Title: Scenario testing methodology for the assessment of screening technologies

Authors: Ray Johnson; Marcus Butavicius; Kathryn Parsons; Agata McCormac; Jadranka Sunde; Benjamin Hall

Addresses: Weapons System Division, Defence Science and Technology Organisation, P.O. Box 1500, Edinburgh SA 5111, Australia. ' Command, Control, Communications and Intelligence Division, Defence Science and Technology Organisation, P.O. Box 1500, Edinburgh SA 5111, Australia. ' Command, Control, Communications and Intelligence Division, Defence Science and Technology Organisation, P.O. Box 1500, Edinburgh SA 5111, Australia. ' Command, Control, Communications and Intelligence Division, Defence Science and Technology Organisation, P.O. Box 1500, Edinburgh SA 5111, Australia. ' Weapons System Division, Defence Science and Technology Organisation, P.O. Box 1500, Edinburgh SA 5111, Australia. ' Weapons System Division, Defence Science and Technology Organisation, P.O. Box 1500, Edinburgh SA 5111, Australia

Abstract: A range of advanced screening technologies has been developed to detect substances or objects that can pose a threat if carried on commercial aircraft. However, outside of technical testing in a laboratory setting, very little testing has been conducted to estimate their performance in an airport setting. This paper presents protocols developed by DSTO to assess the performance of security devices to detect contraband concealed on a person. These protocols are classified as scenario evaluations because they test the devices in a controlled environment that mimics crucial aspects of the airport environment (e.g., baggage and mock passengers) using trained operators. Such evaluations provide a range of data including reliability rates and timing estimates as well as detection and error rates which are very difficult to determine in either technical or full operational evaluations. The ability to detect and recognise dangerous objects at a safe distance is a very important task in a number of other defence, police and security applications and these protocols may be useful in other environments.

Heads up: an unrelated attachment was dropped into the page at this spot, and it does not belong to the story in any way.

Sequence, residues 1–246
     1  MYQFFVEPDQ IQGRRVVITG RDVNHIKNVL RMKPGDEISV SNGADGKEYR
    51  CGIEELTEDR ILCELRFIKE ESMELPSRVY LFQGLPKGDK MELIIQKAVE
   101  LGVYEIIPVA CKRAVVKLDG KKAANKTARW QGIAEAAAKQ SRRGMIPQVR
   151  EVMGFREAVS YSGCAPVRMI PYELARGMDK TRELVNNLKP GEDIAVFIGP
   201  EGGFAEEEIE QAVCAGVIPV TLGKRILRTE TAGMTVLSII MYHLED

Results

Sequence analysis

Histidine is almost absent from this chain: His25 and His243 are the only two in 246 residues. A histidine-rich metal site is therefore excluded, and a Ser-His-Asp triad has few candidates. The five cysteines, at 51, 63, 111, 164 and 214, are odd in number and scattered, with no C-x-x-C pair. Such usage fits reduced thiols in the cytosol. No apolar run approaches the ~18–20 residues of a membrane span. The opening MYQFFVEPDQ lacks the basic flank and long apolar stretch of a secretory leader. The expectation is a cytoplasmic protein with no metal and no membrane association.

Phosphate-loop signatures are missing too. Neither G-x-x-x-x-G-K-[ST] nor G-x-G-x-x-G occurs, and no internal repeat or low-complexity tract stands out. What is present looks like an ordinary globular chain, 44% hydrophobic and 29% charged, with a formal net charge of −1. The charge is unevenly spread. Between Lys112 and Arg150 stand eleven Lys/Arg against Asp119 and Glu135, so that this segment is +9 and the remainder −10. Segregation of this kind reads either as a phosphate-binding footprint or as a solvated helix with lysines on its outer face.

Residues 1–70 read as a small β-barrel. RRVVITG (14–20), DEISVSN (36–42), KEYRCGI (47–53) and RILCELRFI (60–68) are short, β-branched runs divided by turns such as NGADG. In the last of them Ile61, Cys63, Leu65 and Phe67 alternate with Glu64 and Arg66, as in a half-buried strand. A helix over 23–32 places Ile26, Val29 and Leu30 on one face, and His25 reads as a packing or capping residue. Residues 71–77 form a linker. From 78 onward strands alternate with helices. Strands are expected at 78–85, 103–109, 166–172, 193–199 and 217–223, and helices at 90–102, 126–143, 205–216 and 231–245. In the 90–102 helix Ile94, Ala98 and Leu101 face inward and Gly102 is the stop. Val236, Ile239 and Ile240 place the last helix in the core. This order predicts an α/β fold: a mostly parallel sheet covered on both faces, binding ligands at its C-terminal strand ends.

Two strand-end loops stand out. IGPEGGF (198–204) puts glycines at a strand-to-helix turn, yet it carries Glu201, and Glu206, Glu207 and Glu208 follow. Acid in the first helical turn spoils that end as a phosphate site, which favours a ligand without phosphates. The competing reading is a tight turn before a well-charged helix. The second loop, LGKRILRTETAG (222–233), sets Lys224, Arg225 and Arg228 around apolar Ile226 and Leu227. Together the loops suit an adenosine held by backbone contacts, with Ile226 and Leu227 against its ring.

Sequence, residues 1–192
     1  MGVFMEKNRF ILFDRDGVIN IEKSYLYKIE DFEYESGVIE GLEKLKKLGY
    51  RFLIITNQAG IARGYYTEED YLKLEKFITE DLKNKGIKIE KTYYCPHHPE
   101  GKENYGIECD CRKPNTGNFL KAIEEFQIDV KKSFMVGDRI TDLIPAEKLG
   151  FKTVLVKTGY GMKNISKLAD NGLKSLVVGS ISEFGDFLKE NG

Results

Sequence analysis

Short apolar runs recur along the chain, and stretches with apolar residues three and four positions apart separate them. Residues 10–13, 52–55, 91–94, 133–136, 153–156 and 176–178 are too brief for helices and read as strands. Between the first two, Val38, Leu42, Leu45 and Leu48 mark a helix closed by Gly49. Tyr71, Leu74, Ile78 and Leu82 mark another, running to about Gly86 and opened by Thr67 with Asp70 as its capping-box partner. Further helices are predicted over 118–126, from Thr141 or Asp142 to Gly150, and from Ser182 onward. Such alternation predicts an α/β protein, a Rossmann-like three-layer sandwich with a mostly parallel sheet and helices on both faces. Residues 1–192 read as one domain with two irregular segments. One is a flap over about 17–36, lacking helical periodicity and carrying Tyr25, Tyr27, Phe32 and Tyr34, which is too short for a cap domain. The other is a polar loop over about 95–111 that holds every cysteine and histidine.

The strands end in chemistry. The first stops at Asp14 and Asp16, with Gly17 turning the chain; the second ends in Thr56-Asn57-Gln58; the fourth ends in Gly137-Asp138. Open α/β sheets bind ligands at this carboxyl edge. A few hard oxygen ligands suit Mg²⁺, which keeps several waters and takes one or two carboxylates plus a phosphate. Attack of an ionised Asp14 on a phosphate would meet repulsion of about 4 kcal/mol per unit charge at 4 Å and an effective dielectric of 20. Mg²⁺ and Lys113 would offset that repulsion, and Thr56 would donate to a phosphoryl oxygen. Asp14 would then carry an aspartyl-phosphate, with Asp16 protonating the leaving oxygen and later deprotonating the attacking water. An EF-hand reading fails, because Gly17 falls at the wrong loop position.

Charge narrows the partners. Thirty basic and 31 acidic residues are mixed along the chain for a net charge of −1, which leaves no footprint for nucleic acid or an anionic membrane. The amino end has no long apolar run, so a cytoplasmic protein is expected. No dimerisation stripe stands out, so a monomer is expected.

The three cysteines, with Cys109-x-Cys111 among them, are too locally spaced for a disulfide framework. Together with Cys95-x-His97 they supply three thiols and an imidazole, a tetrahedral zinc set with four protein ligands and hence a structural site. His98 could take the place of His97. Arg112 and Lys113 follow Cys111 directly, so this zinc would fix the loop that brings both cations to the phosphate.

Keywords: security devices; human detection performance; scenario evaluation; evaluation methodologies; scenario testing; testing methodologies; screening technologies; substance detection; object detection; threats; commercial aircraft; airports; evaluation protocols; DSTO; Defence Science and Technology Organisation; Australia; contraband; controlled environments; baggage; luggage; mock passengers; trained operators; reliability rates; timing estimates; detection rates; error rates; dangerous objects; safe distances; object recognition; police; knowledge; computers.

DOI: 10.1504/IJKL.2011.043889

International Journal of Knowledge and Learning, 2011 Vol.7 No.1/2, pp.25 - 38

Available online: 28 Nov 2011 *

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